The last quantity of weapons waiting to be disposed of under the peace agreement on the Papua New Guinea island of Bougainville may be destroyed tomorrow.
The elimination of all weapons collected in the province under the peace deal has to be finished before elections can go ahead.
Voting for an autonomous government is due to start on Friday and the Minister for Intergovernmental Affairs, Sir Peter Barter, says he's confident the arms will be broken up:
"I've got the assurance of some of the mainline, hard-line BRA people. Thomas Tari is the commander in the south Bougainville area, Laguai, and he sent a message through to me that they would be destroying the weapons tomorrow."
The destruction of the 50 weapons will need to be verified by the United Nations mission.
Sir Peter says the government has been sending very clear messages to those involved that any failure to dispose of the weapons could put the elections at risk
The New Zealand foreign minister, Phil Goff, says his government will consider sending more police to the Papua New Guinea island of Bougainville if called upon for more help.
New Zealand has been involved in training police on Bougainville which last week saw the withdrawal of Australian police in response to a PNG court ruling that denied Australian officers the immunity from prosecution.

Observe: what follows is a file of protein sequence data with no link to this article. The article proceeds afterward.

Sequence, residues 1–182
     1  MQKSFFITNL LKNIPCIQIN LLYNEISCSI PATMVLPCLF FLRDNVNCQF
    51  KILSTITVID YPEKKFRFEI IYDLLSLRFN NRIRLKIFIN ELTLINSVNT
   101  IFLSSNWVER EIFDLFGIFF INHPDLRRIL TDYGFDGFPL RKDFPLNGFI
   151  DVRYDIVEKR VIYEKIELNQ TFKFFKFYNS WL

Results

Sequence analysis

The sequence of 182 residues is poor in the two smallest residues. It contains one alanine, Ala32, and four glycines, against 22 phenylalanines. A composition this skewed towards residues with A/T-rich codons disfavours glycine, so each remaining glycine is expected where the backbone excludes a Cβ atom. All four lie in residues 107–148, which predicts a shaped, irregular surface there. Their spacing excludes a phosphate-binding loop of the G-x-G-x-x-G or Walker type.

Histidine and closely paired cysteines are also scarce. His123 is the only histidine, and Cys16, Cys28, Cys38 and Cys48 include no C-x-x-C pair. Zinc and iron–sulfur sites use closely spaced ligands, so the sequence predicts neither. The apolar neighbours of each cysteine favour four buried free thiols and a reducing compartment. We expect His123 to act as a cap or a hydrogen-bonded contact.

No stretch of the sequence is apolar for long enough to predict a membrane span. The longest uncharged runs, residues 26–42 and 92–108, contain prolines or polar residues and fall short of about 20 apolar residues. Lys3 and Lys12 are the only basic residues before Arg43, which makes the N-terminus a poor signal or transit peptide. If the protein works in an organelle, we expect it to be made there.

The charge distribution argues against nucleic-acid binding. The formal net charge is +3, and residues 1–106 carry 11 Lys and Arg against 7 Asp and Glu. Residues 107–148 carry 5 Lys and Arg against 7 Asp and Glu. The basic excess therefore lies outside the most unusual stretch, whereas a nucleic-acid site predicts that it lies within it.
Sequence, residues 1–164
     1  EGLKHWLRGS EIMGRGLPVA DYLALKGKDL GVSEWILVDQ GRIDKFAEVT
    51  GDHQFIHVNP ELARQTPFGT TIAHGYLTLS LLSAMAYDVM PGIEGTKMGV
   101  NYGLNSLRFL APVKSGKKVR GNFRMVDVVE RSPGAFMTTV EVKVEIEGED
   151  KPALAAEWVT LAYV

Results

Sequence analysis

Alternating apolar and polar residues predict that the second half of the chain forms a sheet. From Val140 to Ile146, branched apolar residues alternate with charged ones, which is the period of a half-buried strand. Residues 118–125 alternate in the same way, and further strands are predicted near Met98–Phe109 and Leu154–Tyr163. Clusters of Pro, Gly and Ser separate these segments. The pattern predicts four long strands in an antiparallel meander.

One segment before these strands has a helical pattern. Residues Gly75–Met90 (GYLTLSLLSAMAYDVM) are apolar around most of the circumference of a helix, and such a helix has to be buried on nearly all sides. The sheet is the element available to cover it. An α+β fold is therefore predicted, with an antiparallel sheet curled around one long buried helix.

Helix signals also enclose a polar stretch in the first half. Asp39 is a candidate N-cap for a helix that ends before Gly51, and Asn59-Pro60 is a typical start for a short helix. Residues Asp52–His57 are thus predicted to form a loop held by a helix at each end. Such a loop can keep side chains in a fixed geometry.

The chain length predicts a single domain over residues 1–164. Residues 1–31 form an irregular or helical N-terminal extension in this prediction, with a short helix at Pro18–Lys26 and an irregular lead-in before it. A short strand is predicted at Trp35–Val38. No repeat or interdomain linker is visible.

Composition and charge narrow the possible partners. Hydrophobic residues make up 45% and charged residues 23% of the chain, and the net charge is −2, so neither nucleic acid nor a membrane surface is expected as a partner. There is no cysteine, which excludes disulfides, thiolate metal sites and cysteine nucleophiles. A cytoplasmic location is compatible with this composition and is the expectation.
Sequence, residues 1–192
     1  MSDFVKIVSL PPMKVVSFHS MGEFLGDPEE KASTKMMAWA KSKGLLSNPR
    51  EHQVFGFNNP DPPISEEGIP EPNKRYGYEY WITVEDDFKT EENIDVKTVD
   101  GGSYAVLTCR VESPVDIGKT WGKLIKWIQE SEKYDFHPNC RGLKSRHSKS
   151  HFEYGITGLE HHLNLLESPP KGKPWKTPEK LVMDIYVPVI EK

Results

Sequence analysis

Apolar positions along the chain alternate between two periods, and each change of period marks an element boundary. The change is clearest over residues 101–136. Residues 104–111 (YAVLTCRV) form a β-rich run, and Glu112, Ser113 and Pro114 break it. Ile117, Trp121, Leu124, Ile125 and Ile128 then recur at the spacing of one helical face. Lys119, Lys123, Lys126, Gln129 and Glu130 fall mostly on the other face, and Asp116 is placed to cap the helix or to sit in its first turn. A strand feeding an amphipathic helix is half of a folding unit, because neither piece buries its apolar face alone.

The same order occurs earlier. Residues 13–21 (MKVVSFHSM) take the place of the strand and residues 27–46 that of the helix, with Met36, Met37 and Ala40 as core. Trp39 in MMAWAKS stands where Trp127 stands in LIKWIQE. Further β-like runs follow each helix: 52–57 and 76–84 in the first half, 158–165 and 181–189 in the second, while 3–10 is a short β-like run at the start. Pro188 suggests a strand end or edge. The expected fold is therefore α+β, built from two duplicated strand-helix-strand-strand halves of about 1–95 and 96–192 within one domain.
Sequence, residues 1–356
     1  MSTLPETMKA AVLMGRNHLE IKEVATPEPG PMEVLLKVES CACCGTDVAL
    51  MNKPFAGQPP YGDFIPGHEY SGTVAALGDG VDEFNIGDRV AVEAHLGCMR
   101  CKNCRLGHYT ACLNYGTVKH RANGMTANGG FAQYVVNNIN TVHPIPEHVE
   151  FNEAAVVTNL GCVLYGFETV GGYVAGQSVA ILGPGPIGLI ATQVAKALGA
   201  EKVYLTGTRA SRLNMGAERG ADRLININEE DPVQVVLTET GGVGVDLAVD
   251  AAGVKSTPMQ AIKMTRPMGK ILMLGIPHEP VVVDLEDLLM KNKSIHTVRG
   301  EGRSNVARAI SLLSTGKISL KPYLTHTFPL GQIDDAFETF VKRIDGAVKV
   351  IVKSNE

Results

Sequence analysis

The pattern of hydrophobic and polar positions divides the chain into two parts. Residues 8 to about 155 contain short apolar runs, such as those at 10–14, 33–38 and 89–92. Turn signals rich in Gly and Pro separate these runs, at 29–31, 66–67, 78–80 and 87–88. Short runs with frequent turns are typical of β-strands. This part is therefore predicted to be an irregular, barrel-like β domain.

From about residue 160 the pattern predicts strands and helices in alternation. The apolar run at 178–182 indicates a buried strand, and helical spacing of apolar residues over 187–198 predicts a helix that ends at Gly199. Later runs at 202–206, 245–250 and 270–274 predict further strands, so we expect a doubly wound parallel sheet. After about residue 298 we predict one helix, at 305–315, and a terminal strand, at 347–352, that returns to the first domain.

Mr Goff says the differences between Australia and PNG can be overecome and New Zealand may assist.
There has been no approach to us to date about increasing the police presence on Bougainville but if such an approach was made to us we would give it the consideration it deserves.
Phil Goff, New Zealand's foreign minister.
PNG's foreign minister, Sir Rabbie Namaliu, says there have been initial inquiries made about New Zealand assisting with security for international election observers, but detailed plans are still begin drawn up .
A group of observers consisting of New Zealanders, Australians and Japanese has now arrived in Bougainville ahead of the start of elections for an autonomous government.
Additional observers have been supplied by the Pacific Islands Forum and the Commonwealth.
Australia's opposition says today's withdrawal of Australian police from PNG because of the legal problems represents a full-blown diplomatic disaster.
The opposition foreign affairs spokesman, Kevin Rudd, says the foreign minister, Alexander Downer, now has to fix up the mess.
Mr Rudd says Mr Downer announced the package with great fanfare a year or so ago and said that this was a huge diplomatic initiative on the part of the Howard government to try and restore law and order in various parts of Papua New Guinea.
He says unfortunately, the detail which has been used to execute this whole deal has proven to come unstuck and now what Australia has is all these taxpayer dollars at stake.
Mr Rudd says he doesn't understand how Australia could have sent the police to PNG without having checked that it would not cause any constitutional problems.
Meanwhile, Mr Howard says Australia will redouble its efforts to return its police to PNG.